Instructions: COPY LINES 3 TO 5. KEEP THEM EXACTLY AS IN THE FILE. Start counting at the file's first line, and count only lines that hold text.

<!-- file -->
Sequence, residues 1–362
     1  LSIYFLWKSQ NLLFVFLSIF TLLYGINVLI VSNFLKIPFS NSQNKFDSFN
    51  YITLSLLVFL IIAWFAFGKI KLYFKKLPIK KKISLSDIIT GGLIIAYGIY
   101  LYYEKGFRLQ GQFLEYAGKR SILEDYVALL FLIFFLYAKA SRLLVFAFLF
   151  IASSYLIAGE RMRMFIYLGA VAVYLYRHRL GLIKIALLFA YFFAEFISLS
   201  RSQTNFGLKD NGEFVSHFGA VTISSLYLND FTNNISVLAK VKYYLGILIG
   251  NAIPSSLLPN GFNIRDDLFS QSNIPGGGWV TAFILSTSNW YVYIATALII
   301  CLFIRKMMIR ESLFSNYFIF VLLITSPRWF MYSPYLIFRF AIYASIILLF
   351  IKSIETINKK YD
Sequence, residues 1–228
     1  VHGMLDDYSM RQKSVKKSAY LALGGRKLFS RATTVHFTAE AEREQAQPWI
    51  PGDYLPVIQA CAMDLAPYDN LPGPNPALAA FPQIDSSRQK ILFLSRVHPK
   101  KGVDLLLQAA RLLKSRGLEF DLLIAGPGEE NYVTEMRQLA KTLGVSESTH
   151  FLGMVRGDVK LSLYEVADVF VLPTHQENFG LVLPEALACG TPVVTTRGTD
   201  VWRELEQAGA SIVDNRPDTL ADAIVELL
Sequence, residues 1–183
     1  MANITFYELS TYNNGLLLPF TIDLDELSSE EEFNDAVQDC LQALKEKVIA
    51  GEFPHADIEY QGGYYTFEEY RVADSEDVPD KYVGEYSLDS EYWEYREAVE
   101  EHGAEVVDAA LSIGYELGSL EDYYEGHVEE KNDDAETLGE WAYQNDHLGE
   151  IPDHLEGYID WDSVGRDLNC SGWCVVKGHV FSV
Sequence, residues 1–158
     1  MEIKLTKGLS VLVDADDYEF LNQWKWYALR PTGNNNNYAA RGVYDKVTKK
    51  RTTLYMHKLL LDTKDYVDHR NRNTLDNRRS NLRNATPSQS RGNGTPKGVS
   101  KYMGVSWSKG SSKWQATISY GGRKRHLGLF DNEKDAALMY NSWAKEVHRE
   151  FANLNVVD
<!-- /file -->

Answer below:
    51  YITLSLLVFL IIAWFAFGKI KLYFKKLPIK KKISLSDIIT GGLIIAYGIY
   101  LYYEKGFRLQ GQFLEYAGKR SILEDYVALL FLIFFLYAKA SRLLVFAFLF
   151  IASSYLIAGE RMRMFIYLGA VAVYLYRHRL GLIKIALLFA YFFAEFISLS